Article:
- Robert Nickels (ranickels),  04/14/2020 
    The  Dentron MLX-MINII thought it would be cool to use the Dentron MLX-MINI on the Saturday Vintage Sideband Net but it's a little marginal since the rule is "no tubes, go home!".   However hybrid rigs are allowed, and Special Dispensation is given for rigs with Red LEDs.    So I thought the MLX was double-qualifed - even more so after I realized t...  READ MORE
- Robert Nickels (ranickels),  04/04/2020 
  

AMECO - one of the forgotten ham manufacturers?

A company that was part of ham radio for over 50 years
Category: Vintage Ham Radio
The internet knows a lot about ham radio history, but not so much about a company that everyone recognizes:   The American Elecronic Company - AMECO.AMECO - American Electronics Co.; New York 53, N.Y (1950s).Manufacturer of HAM radio equipment.Also: AMECO - Division of Aerotron Inc., Raleigh, North Carolina (1968).Also: AMECO - Ameco Equipment Corp.; 178 Herricks Road Mineola, L.I. New Y...  READ MORE
- Robert Nickels (ranickels),  03/29/2020 
  

Mix and Match Radios

VERSA-TR makes it easy to play radio
Category: VERSA-TR Information
I like to play radio!   As a SWL and novice, I'd imagine owning different transmitters and receivers and now that I actually DO own many of them, it's fun to "mix and match" to put them on the air.     That's mainly why I developed the VERSA-TR, which is an RF-sensing T/R and muting switch, so I could easily change out transmitters and receivers ...  READ MORE
- Robert Nickels (ranickels),  03/07/2020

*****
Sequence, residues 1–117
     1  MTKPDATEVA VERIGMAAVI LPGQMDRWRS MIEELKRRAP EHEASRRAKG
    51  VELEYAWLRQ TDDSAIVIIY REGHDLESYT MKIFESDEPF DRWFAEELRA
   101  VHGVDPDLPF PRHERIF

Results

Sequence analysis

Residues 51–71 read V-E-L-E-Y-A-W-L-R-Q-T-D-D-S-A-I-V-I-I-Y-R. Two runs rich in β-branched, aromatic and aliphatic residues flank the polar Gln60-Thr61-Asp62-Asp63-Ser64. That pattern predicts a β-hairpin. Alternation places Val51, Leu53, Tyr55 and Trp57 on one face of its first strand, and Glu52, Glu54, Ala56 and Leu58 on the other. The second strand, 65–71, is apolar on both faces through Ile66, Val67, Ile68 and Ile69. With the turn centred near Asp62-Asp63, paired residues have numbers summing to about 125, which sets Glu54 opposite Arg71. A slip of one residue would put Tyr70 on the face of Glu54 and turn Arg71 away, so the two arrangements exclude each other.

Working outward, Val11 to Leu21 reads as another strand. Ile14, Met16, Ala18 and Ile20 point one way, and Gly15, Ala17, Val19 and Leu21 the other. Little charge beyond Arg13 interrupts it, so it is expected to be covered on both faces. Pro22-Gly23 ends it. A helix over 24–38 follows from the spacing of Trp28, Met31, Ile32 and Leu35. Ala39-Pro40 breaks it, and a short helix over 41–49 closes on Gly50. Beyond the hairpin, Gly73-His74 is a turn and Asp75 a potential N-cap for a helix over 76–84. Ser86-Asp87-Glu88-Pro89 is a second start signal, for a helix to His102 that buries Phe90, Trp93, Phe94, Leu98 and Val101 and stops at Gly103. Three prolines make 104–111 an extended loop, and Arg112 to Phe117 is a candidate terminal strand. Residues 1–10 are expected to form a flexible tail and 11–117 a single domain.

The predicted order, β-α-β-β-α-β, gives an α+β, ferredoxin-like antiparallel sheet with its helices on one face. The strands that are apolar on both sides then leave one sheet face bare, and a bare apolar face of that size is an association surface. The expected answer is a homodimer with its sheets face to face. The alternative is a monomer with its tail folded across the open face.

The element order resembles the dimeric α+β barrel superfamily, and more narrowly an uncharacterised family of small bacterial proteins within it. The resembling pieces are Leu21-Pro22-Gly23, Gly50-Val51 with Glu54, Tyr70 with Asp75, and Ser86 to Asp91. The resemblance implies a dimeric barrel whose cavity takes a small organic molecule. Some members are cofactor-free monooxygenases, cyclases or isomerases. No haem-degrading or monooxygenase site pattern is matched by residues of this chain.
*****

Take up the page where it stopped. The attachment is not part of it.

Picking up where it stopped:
An Unbreakable Code

Navajo Code Talkers in the battle for Iwo Jima
Category: Historic
The Code Talkers used native languages to send military messages before World War II. Choctaw, for example, was successfully used during World War I. But the Marine Corps needed an “unbreakable” code for its island-hopping campaign in the Pacific. Navajo, which was unwritten and known by few outside the tribe, seemed to fit the Corps’ requirements. Twenty-nine Navajos were recrui...  READ MORE
- Robert Nickels (ranickels),  03/06/2020 
   Faust Gonsett started the Sideband Engineers (SBE) company in 1962 and introduced their first product, the SB-33 four-band transceiver with a two-page ad in 73 magazine for February 1963 that featured his mugshot on the left page and the introductory ad for the SB-33 on the right.   He talks about how he came out of retirement to start this new company in response to many requests but do...  READ MORE
- Robert Nickels (ranickels),  02/15/2020 
   Well known radio repair guru and AM fan Jeff Covelli WA8SAJ of Cleveland OH wanted better receiving performance than his stock Nouveau 75 AM transceiver provided - and the VERSA-TR came to the rescue.  Jeff decided he preferred having the board mounted in an enclosure with connectors and the photos show his approach.    The VERSA-TR automatically switches the antenna from his S...  READ MORE
- Robert Nickels (ranickels),  02/11/2020